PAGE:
UPEI's student union handed out more than $10,000 in student initiative grants to five campus groups who aim to improve student mental health, as part of the university's Mental Health Week. 

One of the projects is for the Aboriginal Student Group to bring elders to meet with UPEI students. The hope is non-aboriginal students will become educated about aboriginal culture, while aboriginal students who may be away from their home communities could receive support. 

"So if we can link them up with elders, and bring elders in — a whole bunch of different kind of elders — and then people can build those relationships," said Jenna Burke, an aboriginal student mentor at the Mawi'omi Centre at UPEI. 

Once student-elder relationships are formed, the hope is they could continue outside the campus.

"If they needed help or just wanted someone to talk to or do teachings or ceremonies," said Burke. 

The Aboriginal Student Group received $3,300 for the project.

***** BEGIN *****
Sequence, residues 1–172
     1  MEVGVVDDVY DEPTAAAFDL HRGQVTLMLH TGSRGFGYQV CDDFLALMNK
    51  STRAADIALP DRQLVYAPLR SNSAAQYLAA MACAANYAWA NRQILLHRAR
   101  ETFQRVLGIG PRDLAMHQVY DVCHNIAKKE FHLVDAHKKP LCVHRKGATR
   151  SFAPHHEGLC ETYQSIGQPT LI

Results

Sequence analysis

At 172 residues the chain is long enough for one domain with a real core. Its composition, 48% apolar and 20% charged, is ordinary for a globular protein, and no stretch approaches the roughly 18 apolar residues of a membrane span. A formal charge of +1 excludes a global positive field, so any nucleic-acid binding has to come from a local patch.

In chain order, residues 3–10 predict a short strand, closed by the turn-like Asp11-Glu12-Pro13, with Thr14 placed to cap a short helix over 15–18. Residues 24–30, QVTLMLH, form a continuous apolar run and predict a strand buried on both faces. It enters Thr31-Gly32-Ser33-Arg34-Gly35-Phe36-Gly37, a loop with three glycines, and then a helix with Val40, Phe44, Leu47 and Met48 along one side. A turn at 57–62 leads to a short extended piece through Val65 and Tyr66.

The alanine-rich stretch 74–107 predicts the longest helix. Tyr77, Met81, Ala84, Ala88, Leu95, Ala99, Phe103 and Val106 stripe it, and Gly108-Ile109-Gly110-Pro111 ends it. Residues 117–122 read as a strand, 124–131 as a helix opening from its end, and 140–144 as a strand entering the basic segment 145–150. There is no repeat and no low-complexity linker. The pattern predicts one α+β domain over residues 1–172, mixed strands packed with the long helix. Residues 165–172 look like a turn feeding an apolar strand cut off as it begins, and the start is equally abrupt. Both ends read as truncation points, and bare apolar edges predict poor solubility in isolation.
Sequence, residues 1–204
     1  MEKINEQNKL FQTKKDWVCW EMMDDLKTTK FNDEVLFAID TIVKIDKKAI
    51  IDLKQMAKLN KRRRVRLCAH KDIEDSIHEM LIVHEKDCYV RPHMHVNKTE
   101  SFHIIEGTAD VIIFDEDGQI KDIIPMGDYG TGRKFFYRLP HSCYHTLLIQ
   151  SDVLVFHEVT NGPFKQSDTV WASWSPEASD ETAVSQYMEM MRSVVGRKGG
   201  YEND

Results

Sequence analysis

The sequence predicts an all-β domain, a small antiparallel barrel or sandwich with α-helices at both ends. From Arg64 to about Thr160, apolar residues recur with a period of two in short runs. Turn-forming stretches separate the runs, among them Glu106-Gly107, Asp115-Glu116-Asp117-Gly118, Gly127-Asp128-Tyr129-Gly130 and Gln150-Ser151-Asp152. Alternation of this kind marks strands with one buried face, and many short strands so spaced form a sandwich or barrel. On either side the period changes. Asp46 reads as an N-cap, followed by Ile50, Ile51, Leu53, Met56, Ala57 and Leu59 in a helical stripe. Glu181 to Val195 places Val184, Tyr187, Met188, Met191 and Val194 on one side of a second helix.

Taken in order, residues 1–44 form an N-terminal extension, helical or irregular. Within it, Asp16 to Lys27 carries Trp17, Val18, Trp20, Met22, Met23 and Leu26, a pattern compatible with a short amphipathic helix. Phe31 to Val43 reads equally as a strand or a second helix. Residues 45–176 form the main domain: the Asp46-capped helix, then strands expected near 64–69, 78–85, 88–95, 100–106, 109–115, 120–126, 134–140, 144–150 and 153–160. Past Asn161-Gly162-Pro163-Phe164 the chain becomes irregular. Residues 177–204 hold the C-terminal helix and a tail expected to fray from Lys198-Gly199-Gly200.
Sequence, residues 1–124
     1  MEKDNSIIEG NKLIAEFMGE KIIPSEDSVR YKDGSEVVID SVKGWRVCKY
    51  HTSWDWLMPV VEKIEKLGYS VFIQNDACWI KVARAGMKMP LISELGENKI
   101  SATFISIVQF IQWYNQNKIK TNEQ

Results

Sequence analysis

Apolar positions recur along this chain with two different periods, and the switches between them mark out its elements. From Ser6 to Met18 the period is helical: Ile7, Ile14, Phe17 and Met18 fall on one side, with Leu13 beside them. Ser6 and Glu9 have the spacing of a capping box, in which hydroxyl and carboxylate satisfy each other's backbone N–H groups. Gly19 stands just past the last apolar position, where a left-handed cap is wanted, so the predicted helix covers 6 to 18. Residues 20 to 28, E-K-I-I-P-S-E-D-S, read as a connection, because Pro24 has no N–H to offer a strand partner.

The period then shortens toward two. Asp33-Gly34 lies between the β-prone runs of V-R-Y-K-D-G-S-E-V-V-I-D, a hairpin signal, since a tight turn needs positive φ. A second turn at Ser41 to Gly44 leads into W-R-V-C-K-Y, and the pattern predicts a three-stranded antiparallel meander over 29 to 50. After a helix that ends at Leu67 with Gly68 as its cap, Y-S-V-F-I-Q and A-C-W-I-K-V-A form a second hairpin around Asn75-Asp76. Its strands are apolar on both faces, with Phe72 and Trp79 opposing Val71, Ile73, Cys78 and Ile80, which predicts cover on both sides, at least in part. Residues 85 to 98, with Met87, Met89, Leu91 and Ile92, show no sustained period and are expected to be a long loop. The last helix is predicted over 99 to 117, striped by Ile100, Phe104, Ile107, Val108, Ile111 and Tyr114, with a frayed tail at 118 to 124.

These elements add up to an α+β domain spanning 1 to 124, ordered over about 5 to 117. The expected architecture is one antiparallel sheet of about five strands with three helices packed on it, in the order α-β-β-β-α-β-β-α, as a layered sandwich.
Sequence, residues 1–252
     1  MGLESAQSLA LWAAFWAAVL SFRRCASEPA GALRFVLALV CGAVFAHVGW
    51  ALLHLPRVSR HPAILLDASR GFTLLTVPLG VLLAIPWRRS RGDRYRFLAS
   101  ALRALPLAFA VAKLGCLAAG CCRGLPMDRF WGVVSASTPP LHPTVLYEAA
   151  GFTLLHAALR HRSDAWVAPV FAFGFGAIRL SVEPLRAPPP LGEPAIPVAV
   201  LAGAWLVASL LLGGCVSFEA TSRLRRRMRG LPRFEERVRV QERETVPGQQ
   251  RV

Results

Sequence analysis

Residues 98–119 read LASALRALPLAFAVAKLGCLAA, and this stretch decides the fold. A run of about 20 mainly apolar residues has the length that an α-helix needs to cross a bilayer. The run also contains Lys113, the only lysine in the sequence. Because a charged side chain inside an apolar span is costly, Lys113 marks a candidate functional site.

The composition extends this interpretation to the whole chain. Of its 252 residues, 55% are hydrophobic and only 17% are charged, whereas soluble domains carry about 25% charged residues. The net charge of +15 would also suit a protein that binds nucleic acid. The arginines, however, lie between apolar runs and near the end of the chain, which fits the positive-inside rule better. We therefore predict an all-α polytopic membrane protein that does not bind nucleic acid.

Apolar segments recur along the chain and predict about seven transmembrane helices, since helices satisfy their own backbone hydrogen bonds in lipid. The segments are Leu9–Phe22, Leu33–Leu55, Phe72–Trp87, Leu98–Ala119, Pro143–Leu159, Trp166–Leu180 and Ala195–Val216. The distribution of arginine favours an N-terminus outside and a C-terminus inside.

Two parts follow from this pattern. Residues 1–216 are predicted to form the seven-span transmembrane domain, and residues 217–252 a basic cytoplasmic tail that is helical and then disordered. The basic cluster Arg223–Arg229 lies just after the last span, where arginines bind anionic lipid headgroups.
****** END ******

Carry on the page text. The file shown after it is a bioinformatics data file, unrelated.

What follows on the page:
Soup for the Soul

Other projects to receive funding included a Zen Zone in the lobby of the Murphy Student Centre where students can relax during mental health week. 

Soup for the Soul — a monthly gathering where students can come together at the Chaplaincy Centre to prepare a low-cost meal — received $500. 

The student union was able to provide the funding to students through its reserve fund.

"The money is given to them because they're the ones on the ground, they're the eyes and the ears and they see what is going on on our campus," said student union president Dana Kenny. 

UPEI is doing quite well in supporting students' mental health, Kenny added, pointing out wait times for counselling are short compared to other universities.

"Mental health matters," said Kenny. Stigma around mental illness is slowly lessening, but he said there's work to be done. 

With files from Natalia Goodwin